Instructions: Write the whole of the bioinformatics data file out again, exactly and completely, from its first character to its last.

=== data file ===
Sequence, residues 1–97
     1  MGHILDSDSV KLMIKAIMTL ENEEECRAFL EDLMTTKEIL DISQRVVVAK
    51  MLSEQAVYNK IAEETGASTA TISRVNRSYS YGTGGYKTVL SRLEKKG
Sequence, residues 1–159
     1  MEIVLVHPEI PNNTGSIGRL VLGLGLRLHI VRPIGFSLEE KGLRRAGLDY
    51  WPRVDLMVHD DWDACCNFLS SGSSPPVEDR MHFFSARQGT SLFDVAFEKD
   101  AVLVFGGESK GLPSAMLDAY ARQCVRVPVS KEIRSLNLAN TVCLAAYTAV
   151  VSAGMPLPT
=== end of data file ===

Sequence, residues 1–97
     1  MGHILDSDSV KLMIKAIMTL ENEEECRAFL EDLMTTKEIL DISQRVVVAK
    51  MLSEQAVYNK IAEETGASTA TISRVNRSYS YGTGGYKTVL SRLEKKG
Sequence, residues 1–159
     1  MEIVLVHPEI PNNTGSIGRL VLGLGLRLHI VRPIGFSLEE KGLRRAGLDY
    51  WPRVDLMVHD DWDACCNFLS SGSSPPVEDR MHFFSARQGT SLFDVAFEKD
   101  AVLVFGGESK GLPSAMLDAY ARQCVRVPVS KEIRSLNLAN TVCLAAYTAV
   151  VSAGMPLPT